Best news in a decade.
With the release of 64 Bit Adobe Flash Player, there are no more excuses not to develop a native 64 Bit web browser build.
Good news, the upcoming Firefox 5 will indeed offer a 64 Bit flavor on Windows.
In addition, Mozilla’s next generation web browser is also set to introduce the following improvements:
Simple Sharing UI
What are the advantages? See the following post.
If you see a color difference in Internet Explorer (when compared to other browsers, such as: Firefox, Google Chrome, Safari, Opera, etc.), then here your reason:
In case those are PNG images, Adobe Photoshop stores gamma data inside them which is causing image colors to differ in IE7.
How to solve it?
The 5th Pwn2Own contest is here and there are some special treats for all you exploiters.
In addition to already offered prizes by Zero Day Initiative (ZDI) (a total is $105,000), Google Inc. will also be giving away a CR-48 laptop running Google Chrome OS and $20,000 to one lucky hacker who will exploit a security hole in Google Chrome web browser.
Contestants are welcomed to hack the following browsers:
Microsoft Internet Explorer
All of them will be running on a 64-bit, Windows 7 or OS X machines.
As for Opera inclusion, it’s still the same “low market share” argument.
With a great year for web browsers that 2010 was, it’s time to dive in directly into 2011 and check the very first month market share stats.
Internet Explorer continues the downtrend with a 1.08 point drop, from 57.08% to 56.00%.
With the upcoming Firefox 4 release, Mozilla’s web browser is still struggling to gain any significant market share, this time it lost a 0.06 point, down from 22.81% to 22.75%.
Just few weeks after the Beta 9 release, here comes the next-to-last Beta build of Firefox web browser.
What’s changed? Improvements in memory usage, various stability enhancements and over 500 bug fixes.
However, with release cycle pickup up speed, you should expect Beta 11 at the end of January (31st) or very early February.
If you’ve been expecting Firefox 5 sometime next year then we have some good news for you.
According to Brendan Eich, the CTO of Mozilla, company is ready to speed up their release cycle and introduce Firefox 5 at the some point of this year.
Cast a colder eye on your blockers. Some of them can wait for a dot release or Firefox 5 that I do believe will be only months after 4 comes out. We are going to a fast release cycle. It serves our users better. To do that we have to get this touch and go done with Firefox 4.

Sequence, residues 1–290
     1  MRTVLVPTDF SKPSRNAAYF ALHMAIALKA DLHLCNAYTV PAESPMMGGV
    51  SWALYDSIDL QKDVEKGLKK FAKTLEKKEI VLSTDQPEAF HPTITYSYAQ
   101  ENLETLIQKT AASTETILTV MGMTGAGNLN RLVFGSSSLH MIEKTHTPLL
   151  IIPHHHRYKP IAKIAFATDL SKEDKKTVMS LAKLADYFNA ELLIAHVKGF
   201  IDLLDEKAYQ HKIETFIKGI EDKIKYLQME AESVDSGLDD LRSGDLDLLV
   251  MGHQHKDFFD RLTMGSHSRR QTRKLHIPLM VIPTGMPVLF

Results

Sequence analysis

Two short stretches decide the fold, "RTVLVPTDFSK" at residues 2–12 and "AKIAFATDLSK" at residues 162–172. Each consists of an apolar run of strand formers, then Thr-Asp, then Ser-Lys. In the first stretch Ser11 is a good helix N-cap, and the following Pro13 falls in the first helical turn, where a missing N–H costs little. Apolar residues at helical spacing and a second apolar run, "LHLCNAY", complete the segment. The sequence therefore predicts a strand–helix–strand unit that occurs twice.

If everything goes as planned, we should see the Final build of Firefox 4 sometime next monmth.
After Optimized Firefox for Windows post, here is something for Linux users to play with.
According to the website, Swiftfox is an optimized Firefox version for Linux that it is using the “most cutting edge” Firefox source code and is available for both, AMD and Intel processors.
Unlike “The Pale Moon Project”, it has little to none information about the exact optimizations and/or performance improvements.
However, if you are still interested in, give it a try.
There are times when using mouse is not an option and for such cases, Mouseless Browsing is a perfect add-on to install.
It’s compatible with Firefox 3.0 as well as the upcoming (Firefox 4.0) builds.
* Supports numeric as well as character ids; character set configurable
* Option to show ids before entire page is loaded
* Configurable modifiers to open link in new tab/window/Cooliris Previews
* Configuration option to use numpad exclusively for Mouseless Browsing
* Configuration options to define for which elements ids should be shown (form element, links, pure image links, frames, other clickable elements)
* Smart positioning of ids: Ids for image links, textfields, selectboxes are placed in the right upper corner to minimize the impact on the page layout.
* Possibility to configure URL specific behavior (black/whitelist)
* Configurable shortcuts for all Mouseless Browsing actions